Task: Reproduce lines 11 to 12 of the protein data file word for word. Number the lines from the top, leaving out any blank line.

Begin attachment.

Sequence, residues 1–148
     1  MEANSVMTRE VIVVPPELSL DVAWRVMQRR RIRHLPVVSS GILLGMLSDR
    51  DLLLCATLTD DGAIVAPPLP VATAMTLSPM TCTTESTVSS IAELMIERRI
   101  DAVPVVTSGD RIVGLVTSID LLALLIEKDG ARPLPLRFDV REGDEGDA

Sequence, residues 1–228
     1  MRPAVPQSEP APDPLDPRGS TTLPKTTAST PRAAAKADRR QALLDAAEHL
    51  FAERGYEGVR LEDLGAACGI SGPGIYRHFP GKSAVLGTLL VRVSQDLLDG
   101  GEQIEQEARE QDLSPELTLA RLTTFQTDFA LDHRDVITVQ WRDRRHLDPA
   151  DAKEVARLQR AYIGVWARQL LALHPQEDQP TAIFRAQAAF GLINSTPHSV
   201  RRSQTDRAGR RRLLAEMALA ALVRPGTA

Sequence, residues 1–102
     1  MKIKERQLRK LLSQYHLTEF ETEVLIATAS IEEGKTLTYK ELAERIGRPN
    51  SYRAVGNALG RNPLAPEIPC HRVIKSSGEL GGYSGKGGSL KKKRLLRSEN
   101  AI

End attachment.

Sequence, residues 1–102
     1  MKIKERQLRK LLSQYHLTEF ETEVLIATAS IEEGKTLTYK ELAERIGRPN